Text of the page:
This review summarizes recent advances and highlights the structure–property relationship on metal–organic framework-based materials for carbon dioxide capture and conversion.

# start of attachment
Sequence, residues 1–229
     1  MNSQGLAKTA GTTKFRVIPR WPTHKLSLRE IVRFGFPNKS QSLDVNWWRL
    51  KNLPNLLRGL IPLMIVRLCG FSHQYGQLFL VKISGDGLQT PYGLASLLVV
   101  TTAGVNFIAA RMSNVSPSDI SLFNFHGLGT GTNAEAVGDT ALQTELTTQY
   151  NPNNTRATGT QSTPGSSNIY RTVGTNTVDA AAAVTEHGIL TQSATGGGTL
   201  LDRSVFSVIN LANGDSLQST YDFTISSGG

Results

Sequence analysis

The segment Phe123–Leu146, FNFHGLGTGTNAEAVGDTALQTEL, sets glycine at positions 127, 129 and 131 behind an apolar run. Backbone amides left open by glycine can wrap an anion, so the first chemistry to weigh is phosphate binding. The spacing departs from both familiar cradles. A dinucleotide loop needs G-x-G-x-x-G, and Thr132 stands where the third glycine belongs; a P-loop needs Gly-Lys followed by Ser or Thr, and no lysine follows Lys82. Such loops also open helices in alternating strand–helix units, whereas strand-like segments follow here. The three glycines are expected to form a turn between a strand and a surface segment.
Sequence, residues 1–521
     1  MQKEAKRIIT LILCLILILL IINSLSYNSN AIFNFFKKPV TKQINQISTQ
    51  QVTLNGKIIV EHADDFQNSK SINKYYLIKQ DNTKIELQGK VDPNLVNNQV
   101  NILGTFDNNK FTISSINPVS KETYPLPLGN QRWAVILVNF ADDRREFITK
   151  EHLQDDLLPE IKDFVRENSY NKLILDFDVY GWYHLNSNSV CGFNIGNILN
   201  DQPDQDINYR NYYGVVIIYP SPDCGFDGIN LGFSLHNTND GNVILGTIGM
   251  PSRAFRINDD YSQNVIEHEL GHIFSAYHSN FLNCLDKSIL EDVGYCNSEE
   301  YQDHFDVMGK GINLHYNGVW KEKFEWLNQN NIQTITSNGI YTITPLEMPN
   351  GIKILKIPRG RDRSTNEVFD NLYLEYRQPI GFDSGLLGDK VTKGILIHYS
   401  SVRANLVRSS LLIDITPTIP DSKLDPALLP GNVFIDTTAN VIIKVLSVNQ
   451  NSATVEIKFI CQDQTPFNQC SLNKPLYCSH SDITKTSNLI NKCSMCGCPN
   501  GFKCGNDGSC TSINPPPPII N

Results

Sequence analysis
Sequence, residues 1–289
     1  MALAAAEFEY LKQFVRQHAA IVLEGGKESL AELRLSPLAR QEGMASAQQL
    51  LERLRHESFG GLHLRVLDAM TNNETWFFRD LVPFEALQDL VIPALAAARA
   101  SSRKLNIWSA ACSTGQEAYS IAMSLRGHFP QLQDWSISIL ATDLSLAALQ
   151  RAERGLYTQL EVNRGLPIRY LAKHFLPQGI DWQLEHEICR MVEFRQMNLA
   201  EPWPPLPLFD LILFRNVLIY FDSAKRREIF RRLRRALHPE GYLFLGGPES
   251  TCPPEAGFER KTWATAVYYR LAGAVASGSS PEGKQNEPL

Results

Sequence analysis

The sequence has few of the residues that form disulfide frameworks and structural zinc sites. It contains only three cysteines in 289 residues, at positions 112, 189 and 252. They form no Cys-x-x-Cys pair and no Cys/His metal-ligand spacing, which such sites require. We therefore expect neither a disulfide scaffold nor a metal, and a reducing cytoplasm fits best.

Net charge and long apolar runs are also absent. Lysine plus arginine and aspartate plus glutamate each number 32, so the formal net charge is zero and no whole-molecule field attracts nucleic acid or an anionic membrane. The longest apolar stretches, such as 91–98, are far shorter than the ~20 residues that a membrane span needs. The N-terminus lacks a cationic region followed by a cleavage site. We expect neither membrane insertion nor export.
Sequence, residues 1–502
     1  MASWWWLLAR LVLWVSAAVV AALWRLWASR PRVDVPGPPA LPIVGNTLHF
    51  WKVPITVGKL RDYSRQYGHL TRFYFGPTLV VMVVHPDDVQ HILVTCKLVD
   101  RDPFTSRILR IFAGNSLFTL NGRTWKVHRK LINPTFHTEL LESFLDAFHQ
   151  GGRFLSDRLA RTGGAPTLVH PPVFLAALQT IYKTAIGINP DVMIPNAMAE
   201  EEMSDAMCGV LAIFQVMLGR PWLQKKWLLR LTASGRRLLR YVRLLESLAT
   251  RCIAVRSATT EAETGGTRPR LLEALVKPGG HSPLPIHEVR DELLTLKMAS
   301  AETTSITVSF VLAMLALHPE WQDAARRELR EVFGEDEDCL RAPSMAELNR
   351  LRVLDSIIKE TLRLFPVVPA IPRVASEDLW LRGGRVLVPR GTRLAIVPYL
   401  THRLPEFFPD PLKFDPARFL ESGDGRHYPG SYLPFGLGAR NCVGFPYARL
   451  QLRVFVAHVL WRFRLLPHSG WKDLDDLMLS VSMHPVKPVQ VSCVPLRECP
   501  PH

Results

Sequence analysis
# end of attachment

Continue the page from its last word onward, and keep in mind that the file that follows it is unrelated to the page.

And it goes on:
Rapidly increasing atmospheric CO 2 concentrations threaten human society, the natural environment, and the synergy between the two. In order to ameliorate the CO 2 problem, carbon capture and conversion techniques have been proposed. Metal–organic framework (MOF)-based materials, a relatively new class of porous materials with unique structural features, high surface areas, chemical tunability and stability, have been extensively studied with respect to their applicability to such techniques. Recently, it has become apparent that the CO 2 capture capabilities of MOF-based materials significantly boost their potential toward CO 2 conversion. Furthermore, MOF-based materials’ well-defined structures greatly facilitate the understanding of structure–property relationships and their roles in CO 2 capture and conversion. In this review, we provide a comprehensive account of significant progress in the design and synthesis of MOF-based materials, including MOFs, MOF composites and MOF derivatives, and their application to carbon capture and conversion. Special emphases on the relationships between CO 2 capture capacities of MOF-based materials and their catalytic CO 2 conversion performances are discussed.